Some other small countries, like Singapore, Slovenia and Guyana came close to the US. But the next major G7 country on the list is Germany, which spent only 20.32 percent of GDP on relief.

US spending had huge benefits. Direct payments like the expanded child tax credit caused the biggest drop in poverty in 50 years. 

The pandemic recession, which was the worst since 1945, also was the shortest. Unemployment peaked at 14.7 percent during the worst of the pandemic. It is currently at 3.7 percent

The economy is complicated. It’s difficult to figure out exactly how policies affect outcomes in a world where crises and shocks don’t pause to give experts a chance to tabulate and compare. 

But we can be certain about a few things. 

The US spent a huge amount on aid — more than just about any other country in absolute terms and as a percentage of GDP. And the US recovered more quickly than just about all comparable countries.

The Republicans claimed that the opposite would happen. 


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They argued that more spending creates more inflation and worse economic outcomes. They insist that to get our economy back on track, we need to radically cut social programs and end aid.

They have been proven wrong.

Given the evidence, will Republicans reassess and stop trying to attack aid programs that saved us from a devastating recession?

No, obviously. 

Political scientist Jonathan Bernstein has pointed out that Republicans engage in a constant “war on budgeting.” 

He means that the GOP doesn’t bother balancing revenues and outlays. Instead, they make-believe that programs they don’t like bust the budget while programs they do like are revenue neutral.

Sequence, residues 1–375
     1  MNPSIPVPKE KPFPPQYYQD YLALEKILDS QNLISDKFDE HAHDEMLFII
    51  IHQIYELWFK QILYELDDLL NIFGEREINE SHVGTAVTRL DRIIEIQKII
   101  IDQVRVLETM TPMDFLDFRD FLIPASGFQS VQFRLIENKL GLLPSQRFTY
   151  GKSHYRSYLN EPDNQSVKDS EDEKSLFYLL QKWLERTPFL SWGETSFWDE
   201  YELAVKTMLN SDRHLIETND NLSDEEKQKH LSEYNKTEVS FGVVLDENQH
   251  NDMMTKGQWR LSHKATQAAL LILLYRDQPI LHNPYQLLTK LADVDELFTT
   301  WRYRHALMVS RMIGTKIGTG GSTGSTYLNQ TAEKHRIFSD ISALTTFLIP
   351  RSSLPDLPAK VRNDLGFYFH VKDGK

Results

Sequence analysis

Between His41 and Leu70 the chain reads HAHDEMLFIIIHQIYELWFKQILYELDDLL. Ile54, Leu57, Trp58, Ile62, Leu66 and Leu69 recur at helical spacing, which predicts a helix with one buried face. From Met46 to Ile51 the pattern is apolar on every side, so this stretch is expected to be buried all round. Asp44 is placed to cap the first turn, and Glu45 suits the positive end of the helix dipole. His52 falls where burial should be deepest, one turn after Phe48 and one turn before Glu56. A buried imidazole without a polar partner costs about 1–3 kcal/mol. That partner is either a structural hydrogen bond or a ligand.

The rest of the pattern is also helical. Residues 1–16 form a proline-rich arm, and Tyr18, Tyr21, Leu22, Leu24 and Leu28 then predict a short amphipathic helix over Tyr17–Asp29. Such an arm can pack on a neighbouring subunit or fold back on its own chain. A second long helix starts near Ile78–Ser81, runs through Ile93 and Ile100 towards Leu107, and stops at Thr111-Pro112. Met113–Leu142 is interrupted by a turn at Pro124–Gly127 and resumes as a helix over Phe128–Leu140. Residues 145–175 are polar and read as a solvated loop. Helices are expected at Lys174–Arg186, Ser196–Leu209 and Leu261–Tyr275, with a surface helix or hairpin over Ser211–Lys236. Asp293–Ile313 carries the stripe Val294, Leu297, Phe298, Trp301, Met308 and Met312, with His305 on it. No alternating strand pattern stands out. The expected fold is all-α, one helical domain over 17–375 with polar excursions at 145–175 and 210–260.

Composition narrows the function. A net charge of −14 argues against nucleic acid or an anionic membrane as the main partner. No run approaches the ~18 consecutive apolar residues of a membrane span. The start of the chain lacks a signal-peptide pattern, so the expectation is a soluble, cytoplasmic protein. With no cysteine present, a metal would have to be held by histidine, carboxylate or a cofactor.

So massive tax cuts and defense spending have no budgetary effects, because “budget” just means “things the GOP likes.” On the other hand, even the smallest social spending creates unacceptable, “deficits” because the Republicans oppose social spending.

It’s fair to say the GOP is engaged not just in a war on budgeting, but in a war on economics, and for that matter on consensus reality. 

When the GOP denounces Biden’s social spending, they don’t do so because they worry that it will harm the economy. They oppose spending because they hate helping people who aren’t wealthy. (Helping the wealthy, as with Trump’s tax cuts, is great, though.) 

Republicans block social spending on ideological grounds while pretending to care about its economic effects. For example, they’ve successfully derailed further funds for covid and monkeypox relief. 


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The president seems to have acquiesced to this obstruction by claiming that the covid pandemic is over, even though 65,000 new cases and 400 deaths are being reported daily.

But if the economic data from the last few years shows us anything, it’s that spending in a crisis can help people and mitigate harm. 

We are experiencing relative prosperity compared to Europe and compared to the aftermath of previous recessions. If we want that prosperity to continue, the government should be bold in using its power to preserve the health and welfare of the people.


Noah Berlatsky writes about the political economy for the Editorial Board. He lives in Chicago. Find him @nberlat.